Maurice, Antoine (1), a French Protestant theologian and Orientalist, was born at Eyguieres, in Provence, Sept. 27, 1679. He belonged to a Provencal family which had embraced the Reformed religion in the 16th century, and furnished many pastors to the churches of the south. When the revocation of the Edict of Nantes forced his father to retire to Geneva, he was not permitted to follow him, and remained for some time in the hands of priests, who hoped to educate him to the service of the Church of Rome. Two officers, friends of his family, coming to his aid, he succeeded finally in escaping the vigilance of his guardians and arrived at Vienna; being denounced during a halt, he fled alone, and arrived on foot at Bourg in Bresse (1686). Although it was in the middle of winter, he resumed his route with a faithful servant, and, after having wandered in the mountains of Jura, he succeeded in reaching Basle, from whence he was conducted to Geneva in a pitiable condition. He was then only nine years old. Consecrated to the ministry, he entered it in 1697, at Geneva, where, in 1704, he assumed pastoral duty. Gifted with a happy memory and great talent for the study of languages, he learned the greater part of the Oriental idioms, and perfected himself by speaking them fluently with a rabbi and priest from the Levant whom he had invited to his house. He was also fond of the sciences, and abandoned the system of Des Cartes for that of Newton, of whom he became a zealous partisan. In 1710 he was elected professor of belles- lettres and of history in the Academy of Geneva, later he taught the Oriental languages, and after 1724 theology. He was twice called to the rectorship. In 1713 he was made a member of the Royal Society of the Sciences of Berlin, on the proposition of Leibnitz. Maurice died in Geneva Aug. 20, 1756. Of his works we have an edition of the Rationarium Temporum du P. Petan, with notes (Geneva, 1721, 3 vols. 8vo): — twelve Sermons (ibid. 1722, 8vo): — twenty different dissertations, among others,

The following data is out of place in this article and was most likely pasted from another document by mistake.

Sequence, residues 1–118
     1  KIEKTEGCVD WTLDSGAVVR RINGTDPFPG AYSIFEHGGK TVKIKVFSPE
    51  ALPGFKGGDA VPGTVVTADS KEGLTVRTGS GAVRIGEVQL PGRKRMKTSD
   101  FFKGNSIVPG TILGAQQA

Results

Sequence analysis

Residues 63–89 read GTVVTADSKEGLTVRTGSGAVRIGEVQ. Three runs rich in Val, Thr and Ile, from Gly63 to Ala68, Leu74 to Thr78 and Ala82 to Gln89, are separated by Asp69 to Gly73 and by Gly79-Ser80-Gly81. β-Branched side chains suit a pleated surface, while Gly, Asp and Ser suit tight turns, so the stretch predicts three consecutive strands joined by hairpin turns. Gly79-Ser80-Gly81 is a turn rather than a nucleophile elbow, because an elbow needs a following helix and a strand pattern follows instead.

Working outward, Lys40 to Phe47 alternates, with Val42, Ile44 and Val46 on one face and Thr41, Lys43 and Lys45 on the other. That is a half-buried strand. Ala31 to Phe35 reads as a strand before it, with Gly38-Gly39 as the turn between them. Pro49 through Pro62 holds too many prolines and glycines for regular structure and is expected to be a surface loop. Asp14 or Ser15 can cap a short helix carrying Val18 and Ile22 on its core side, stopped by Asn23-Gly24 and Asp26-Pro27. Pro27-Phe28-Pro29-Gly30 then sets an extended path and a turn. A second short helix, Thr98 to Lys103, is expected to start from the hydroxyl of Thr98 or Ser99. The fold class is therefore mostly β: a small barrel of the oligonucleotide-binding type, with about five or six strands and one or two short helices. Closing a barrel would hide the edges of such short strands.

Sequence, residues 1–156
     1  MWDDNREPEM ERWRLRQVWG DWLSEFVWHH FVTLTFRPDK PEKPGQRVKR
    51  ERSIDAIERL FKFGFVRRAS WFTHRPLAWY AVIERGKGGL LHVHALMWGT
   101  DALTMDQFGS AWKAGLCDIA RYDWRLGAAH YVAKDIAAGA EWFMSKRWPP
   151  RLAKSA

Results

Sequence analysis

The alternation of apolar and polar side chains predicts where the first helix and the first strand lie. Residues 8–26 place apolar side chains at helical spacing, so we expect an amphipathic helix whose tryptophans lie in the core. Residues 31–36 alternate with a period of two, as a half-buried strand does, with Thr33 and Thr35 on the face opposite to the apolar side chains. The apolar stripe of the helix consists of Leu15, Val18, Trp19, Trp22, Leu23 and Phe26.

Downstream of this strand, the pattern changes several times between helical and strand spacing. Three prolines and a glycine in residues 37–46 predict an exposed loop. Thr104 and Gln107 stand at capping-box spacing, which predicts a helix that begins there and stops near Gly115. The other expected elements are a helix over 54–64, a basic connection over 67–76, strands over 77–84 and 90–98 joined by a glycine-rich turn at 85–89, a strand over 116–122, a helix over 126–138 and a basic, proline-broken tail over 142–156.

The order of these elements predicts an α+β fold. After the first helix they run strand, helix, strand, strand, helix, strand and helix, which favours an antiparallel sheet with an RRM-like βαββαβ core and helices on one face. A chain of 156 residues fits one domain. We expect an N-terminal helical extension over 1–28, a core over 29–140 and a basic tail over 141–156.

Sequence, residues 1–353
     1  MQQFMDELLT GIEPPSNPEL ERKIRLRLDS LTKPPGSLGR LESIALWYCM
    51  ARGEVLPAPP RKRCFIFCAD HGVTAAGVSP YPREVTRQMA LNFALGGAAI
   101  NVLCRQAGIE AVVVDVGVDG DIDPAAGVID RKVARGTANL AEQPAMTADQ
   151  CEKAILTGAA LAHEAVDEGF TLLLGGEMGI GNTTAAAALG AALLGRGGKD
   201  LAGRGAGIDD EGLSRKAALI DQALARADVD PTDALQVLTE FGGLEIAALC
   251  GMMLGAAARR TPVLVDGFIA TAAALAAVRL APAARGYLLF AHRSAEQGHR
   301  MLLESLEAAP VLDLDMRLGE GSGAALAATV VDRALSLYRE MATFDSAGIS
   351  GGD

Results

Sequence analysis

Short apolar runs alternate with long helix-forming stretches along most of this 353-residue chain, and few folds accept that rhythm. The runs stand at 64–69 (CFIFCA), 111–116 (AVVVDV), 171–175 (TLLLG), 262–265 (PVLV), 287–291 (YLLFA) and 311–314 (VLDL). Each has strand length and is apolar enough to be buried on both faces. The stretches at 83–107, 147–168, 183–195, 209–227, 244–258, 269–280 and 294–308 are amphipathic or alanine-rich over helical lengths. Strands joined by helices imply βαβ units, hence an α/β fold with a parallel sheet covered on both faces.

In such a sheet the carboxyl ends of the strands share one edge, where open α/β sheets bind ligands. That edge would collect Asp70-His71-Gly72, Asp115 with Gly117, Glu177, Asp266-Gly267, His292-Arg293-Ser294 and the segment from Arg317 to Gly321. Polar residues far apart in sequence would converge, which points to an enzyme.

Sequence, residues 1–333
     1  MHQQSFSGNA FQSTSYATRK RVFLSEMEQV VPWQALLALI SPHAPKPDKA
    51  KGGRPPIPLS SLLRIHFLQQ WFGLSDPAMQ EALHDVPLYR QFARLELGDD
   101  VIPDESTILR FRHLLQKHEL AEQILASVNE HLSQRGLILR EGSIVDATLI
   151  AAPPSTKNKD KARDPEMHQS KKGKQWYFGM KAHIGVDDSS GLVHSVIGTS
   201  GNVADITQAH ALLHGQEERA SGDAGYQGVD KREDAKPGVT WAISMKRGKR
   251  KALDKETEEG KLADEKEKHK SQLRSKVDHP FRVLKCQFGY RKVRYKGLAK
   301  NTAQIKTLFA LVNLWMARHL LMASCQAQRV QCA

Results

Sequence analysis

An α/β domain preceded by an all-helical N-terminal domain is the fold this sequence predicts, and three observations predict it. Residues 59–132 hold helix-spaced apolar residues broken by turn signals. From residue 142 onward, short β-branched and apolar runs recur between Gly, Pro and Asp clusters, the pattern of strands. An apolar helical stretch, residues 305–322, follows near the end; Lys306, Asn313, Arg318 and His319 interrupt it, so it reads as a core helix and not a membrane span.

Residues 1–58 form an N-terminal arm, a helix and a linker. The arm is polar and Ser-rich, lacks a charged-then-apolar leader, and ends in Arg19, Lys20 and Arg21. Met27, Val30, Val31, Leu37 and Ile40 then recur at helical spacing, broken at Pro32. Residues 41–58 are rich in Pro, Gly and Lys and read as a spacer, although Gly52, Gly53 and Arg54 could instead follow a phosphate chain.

De Conscientia (1725-1734, 4to): — De Resurrectione Jesu Christi (1734-1763): — Jus examinis (1740, fol): — De Suicidio (1756, 8vo). His scientific and philological works have not been published. — Hoefer, Nouv. Biog. Generale, s.v.